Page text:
I start with an object representing the empty stream. This is nicer than using null, because I want to provide member functions on streams. If you had to check whether a stream was null before calling methods on it, that would suck mightily.

var empty = {};

function getEmpty() {
    return empty;
}

Then we need a way to make a non-empty stream:

function create(value, next) {
    return Object.create(empty, {
        value: { value: value },
        next: { value: next || getEmpty }
    });
}

It uses the empty stream as its prototype, and adds immutable properties for value and the next function. If no next function is passed, we substitute getEmpty. So calling create('banana') would make a stream of just one item.

One very handy building block is range:

var range = function(start, limit) {
    return start >= limit ? empty : create(start, function() {
        return range(start + 1, limit);
    });
};

Note the pattern, as it is typical: the next works by calling the outer function with the arguments needed to make it do the next step. And you may be thinking – AHGGHGH! Stack overflow! But no, as long as we loop through the stream using our for-loop pattern, the stack will not get arbitrarily deep.

Here’s a favourite of mine, so often forgotten about:

var unfold = function(seed, increment, terminator) {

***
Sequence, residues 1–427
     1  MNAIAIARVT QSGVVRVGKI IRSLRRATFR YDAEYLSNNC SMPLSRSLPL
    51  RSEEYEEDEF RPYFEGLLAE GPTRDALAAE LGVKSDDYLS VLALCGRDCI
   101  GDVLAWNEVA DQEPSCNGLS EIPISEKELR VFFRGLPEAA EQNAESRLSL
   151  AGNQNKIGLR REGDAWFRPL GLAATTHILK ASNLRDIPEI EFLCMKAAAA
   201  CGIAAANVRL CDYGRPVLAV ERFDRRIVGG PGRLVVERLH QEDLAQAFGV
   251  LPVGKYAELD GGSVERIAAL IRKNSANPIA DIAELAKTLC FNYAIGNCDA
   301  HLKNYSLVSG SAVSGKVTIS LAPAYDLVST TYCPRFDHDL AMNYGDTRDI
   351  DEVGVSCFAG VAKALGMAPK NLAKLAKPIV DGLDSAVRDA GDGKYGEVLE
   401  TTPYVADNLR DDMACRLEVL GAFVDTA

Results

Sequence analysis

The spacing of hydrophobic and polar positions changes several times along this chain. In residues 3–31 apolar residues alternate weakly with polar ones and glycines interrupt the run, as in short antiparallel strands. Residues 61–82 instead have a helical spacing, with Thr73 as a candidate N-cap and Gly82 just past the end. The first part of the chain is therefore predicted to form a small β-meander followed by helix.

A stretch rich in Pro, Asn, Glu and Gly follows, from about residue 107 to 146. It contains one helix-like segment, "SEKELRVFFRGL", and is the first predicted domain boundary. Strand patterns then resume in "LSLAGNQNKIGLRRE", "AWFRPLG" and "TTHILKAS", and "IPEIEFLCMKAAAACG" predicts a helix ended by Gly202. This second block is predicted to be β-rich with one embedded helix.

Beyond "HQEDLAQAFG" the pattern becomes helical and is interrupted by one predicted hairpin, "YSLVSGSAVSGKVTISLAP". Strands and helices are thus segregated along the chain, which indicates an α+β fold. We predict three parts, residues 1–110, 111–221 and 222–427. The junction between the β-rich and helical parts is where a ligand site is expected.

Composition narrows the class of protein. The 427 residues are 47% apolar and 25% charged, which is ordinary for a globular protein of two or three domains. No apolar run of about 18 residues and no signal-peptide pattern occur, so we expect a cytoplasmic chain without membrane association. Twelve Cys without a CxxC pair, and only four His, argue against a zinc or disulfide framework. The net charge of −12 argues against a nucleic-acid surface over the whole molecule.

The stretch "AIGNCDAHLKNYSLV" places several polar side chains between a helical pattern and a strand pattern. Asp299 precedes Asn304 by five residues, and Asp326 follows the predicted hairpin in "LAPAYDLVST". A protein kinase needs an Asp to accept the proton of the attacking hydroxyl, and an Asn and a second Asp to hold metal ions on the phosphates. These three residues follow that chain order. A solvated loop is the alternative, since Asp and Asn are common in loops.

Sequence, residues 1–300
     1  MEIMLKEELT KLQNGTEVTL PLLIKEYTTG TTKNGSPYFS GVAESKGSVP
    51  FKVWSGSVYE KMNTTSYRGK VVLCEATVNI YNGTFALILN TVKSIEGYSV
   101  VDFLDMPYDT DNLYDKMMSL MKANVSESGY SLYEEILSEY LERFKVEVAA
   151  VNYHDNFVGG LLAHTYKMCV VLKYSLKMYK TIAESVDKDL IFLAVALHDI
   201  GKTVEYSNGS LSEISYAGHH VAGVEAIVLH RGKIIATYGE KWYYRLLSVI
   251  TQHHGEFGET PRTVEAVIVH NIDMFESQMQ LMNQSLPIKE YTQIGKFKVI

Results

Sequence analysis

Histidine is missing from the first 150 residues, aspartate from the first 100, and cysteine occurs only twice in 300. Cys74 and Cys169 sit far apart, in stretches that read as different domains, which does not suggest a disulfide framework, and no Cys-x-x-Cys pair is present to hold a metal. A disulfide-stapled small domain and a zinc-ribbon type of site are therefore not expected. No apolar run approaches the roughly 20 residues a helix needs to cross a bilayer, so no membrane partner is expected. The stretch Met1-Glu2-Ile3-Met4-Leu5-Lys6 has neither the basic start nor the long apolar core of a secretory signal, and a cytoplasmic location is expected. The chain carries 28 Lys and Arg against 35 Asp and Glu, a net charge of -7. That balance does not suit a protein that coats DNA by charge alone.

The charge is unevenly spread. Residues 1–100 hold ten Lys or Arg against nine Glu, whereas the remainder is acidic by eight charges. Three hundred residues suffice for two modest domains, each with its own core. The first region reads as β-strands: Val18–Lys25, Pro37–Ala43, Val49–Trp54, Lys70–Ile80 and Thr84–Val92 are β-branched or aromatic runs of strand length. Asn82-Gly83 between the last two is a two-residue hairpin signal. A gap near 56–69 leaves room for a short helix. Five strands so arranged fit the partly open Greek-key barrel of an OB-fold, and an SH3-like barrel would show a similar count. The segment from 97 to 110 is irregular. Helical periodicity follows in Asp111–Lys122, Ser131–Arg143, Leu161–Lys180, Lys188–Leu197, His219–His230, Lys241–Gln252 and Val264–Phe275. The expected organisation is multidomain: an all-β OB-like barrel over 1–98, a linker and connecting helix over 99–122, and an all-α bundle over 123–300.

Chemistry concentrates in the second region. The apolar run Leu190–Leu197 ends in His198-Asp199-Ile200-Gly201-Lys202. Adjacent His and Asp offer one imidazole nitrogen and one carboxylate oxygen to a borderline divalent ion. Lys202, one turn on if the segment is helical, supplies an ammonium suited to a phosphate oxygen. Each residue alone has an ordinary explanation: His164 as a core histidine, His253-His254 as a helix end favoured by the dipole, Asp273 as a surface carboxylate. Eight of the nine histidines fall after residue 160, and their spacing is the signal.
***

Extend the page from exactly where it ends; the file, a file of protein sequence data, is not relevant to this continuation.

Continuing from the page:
return create(seed, function() {
        var next = increment(seed);
        return next === terminator ? empty :
            unfold(next, increment, terminator);
    });
};

You call it with a seed value, which becomes the first value of the stream, and also an increment function that knows how to get from one value to the next, and a terminator value that would be returned by the increment function when it has no more values. So in fact you could implement range in terms of unfold:

var range = function(start, limit) {
    return unfold(start, function(v) { return v + 1; }, limit);
};

It can also turn a traditional linked list into a stream:

var fromList = function(front) {
    return unfold(front, function(i) { return i.next; }, null);
};

Groovy! Now we have several ways to originate a stream, so lets add some methods. Recall that empty is the prototype for streams, so:

empty.forEach = function(each) {
    for (var s = this; s !== empty; s = s.next()) {
        each(s.value)
    }
};

Nothing to it! And we can use forEach to get a stream into an array:

empty.toArray = function() {